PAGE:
Another Victoria resident, Amy Garvel, joined other residents, and the group combed through the library’s online catalog. They compiled a list of more than 200 books they found inappropriate, ranging from picture books to young adult books, Garvel said. Garvel herself submitted two requests for removal for the books “If I Was Your Girl” by Meredith Russo and “Rick” by Alex Gino.
Garvel, who describes herself as a conservative and has a 9-year-old son and 13-year-old daughter, said she’s been very careful about what content they consume.
“My goal is really to protect the children in our community in general, not just my own children,” said Garvel, 43. “I’m hoping that [the library] sees that we’re not trying to censor books that we’re trying to protect our children. I mean, the library was one of the last places that we could feel safe.”
How the process works and why it’s getting blowback
Local public libraries are not regulated by the state. Instead, they are usually part of a county or city budget funded by local taxpayers.
Williams-Capone, the Victoria library services director, described how books are selected in the first place, and her library’s process is typical for most. Staff members peruse lists of bestsellers and literary award winners. They scan literary journals. Library staffers also consider how often visitors check out certain titles or subjects to determine future purchases.
Rules for public libraries, including complaints about content, are determined at the local level.
When a resident challenges a book, “there’s a process in place,” to handle that complaint, said Woodland, the TLA spokesperson. That process is typically crafted in writing by local governments with input from library staff.
But in these latest challenges, there have been complaints from some local residents that the process may give library staff too much of an upper hand.
“Jack of Hearts (and Other Parts)” by L. C. Rosen, which follows a gay teenager who starts a teen sex advice column, has seen challenges in Irving and elsewhere.
At the urging of local residents, City Council members were meticulously briefed on how the Irving Public Library handles complaints against books kept in its libraries. After the book underwent a “request for consideration,” which included an initial staff review and an appeal, it was kept in circulation.
Irving Mayor Rick Stopfer said he read the book in full, and even though he didn’t particularly care for parts of the book, he understood the need for it.
“If you read the full book, it tells you that you can have a loving relationship with a person of your same gender,” Stopfer said during an Oct. 14 meeting. “Everybody’s not going to like everything. It’s not something that I enjoyed reading, but I understood what the purpose of it was, and what the outcome was supposed to be.”
In that same Irving City Council meeting, Flory Malloy, a self-described mother of seven with a doctorate in biblical studies, told council members she felt the library system and its appeal precess seemed pointless because in the end, books that are challenged remain on the shelves.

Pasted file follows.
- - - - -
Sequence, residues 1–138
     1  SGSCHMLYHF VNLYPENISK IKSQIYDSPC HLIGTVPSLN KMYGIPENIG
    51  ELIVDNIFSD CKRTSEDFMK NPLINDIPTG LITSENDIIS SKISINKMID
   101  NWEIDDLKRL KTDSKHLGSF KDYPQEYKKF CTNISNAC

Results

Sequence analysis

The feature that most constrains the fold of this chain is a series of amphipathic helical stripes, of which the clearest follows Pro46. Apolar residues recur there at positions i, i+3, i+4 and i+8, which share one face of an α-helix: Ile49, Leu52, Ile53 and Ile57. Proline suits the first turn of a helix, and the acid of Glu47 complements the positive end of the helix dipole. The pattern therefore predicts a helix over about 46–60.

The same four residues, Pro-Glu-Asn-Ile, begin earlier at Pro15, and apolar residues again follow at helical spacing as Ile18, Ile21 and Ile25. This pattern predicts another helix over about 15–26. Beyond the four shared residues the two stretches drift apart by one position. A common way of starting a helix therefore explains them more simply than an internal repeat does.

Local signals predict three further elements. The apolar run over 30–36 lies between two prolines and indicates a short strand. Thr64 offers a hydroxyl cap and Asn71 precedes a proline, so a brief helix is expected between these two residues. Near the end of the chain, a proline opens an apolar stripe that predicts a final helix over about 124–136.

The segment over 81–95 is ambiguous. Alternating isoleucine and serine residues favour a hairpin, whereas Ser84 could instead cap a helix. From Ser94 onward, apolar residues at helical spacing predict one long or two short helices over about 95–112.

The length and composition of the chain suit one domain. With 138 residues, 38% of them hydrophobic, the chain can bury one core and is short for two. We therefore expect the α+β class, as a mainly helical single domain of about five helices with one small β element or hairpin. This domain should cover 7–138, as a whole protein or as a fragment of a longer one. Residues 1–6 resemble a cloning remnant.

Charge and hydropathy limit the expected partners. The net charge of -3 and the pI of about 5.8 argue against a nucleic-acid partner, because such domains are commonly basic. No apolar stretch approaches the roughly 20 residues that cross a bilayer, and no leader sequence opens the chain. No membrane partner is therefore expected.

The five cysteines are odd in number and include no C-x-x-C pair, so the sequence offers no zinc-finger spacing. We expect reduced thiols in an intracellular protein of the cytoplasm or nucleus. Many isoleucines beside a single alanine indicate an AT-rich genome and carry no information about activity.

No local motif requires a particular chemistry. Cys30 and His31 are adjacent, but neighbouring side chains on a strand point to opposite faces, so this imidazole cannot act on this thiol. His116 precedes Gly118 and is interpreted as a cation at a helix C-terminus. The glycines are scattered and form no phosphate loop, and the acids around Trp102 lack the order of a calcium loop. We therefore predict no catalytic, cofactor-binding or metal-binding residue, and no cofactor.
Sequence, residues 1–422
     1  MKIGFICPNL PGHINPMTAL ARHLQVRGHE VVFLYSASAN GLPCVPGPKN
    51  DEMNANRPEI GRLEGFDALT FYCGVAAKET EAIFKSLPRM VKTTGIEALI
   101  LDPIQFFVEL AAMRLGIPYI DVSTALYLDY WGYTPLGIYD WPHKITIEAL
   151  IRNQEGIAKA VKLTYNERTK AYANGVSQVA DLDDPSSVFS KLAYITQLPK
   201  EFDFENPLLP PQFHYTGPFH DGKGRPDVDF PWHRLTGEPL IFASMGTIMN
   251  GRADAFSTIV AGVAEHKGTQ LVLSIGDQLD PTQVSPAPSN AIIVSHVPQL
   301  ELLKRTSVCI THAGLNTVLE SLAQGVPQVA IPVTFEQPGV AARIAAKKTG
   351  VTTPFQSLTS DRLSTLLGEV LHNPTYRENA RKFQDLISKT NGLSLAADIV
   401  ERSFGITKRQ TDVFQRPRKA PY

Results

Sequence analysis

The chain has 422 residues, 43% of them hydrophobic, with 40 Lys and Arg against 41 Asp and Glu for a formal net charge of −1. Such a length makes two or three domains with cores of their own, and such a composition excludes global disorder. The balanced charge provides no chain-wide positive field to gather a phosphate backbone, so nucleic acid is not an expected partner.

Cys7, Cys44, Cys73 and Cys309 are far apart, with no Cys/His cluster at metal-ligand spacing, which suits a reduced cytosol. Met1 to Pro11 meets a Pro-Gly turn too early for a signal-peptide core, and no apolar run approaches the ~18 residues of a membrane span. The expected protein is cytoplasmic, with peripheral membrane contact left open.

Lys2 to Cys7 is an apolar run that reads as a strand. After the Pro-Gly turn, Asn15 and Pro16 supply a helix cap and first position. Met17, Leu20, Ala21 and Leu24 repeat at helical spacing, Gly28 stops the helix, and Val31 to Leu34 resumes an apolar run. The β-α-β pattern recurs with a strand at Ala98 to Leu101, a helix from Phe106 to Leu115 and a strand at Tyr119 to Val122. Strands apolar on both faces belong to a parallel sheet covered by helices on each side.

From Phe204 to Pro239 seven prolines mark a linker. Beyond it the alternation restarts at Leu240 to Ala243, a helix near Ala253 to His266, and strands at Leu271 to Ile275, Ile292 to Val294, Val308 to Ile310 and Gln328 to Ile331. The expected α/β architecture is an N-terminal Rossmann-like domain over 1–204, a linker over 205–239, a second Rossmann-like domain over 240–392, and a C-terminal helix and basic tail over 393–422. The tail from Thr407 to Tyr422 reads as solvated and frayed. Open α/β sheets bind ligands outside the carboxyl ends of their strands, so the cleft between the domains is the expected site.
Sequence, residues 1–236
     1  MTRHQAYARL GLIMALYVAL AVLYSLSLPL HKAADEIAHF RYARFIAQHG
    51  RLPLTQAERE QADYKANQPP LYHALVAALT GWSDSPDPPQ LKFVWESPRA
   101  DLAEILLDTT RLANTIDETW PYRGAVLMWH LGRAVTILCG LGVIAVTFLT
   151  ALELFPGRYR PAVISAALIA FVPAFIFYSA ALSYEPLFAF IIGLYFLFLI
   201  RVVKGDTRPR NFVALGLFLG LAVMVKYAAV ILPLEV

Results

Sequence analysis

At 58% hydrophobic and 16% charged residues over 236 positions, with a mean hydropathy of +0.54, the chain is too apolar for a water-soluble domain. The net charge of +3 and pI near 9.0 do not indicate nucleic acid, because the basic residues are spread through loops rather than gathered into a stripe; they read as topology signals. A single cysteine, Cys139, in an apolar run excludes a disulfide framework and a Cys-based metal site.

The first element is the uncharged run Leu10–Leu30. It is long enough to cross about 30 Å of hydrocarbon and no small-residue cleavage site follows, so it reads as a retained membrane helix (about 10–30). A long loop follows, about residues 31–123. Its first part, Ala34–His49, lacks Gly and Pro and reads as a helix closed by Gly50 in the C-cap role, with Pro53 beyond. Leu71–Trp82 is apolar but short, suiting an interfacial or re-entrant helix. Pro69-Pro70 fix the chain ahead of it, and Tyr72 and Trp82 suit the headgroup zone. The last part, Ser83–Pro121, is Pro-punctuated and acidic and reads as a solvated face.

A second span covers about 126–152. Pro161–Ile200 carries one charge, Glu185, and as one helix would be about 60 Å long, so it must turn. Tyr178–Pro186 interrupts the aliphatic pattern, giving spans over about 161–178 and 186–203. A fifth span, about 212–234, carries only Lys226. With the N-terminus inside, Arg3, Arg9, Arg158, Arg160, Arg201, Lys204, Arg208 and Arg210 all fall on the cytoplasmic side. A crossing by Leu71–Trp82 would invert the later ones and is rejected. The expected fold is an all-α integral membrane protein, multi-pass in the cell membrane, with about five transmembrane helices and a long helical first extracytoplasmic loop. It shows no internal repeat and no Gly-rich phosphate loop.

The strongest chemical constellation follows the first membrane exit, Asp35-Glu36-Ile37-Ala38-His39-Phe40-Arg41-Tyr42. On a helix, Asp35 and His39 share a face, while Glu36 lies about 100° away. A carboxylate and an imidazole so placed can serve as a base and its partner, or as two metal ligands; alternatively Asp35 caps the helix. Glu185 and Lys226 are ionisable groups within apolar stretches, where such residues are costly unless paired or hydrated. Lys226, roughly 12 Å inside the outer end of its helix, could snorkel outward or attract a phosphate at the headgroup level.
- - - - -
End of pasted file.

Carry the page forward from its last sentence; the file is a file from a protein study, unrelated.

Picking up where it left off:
“The process ended with a denied appeal to remove the book,” she told council members as she described one challenge that appeared to go nowhere. “It seems to be a point of pride for the Irving Public Library that they have never removed a book as the result of this process, so what’s the purpose of this time-consuming review process?”
In Tyler, city spokesperson, Julie Goodgame confirmed that library officials there have been informed about “concerns” regarding book content. But there’s been no specific complaint about a particular book, she said.
More changes for libraries?
Back in Llano County, Cunningham, the county judge, said the library system’s three-day closure is the first of perhaps many changes for the library. He said the county plans to soon establish a library advisory board that will help establish policies on requests to reevaluate books in circulation.
Although parents and lawmakers have stressed they are attempting to protect children from inappropriate content, authors of works that have been at the center of these disputes see the fights as a way to stifle and censor diverse representation in literature.
And librarians see their role as offering reading material for a wider audience.
“These efforts to mute or censor diverse voices in books is part of the just overall extreme divisiveness in our country that was really just exacerbated by the pandemic, [and] the actions taken by Rep. Krause and others have added fuel to that,” Woodland said.
She understands there will be those who may not like all of the books in a library. That’s not the point of a public library, she said.
“No book is right for everyone, but one book can make a big difference in one person’s life,” she said. “That’s what libraries are about — providing those windows and doors and mirrors to the community.”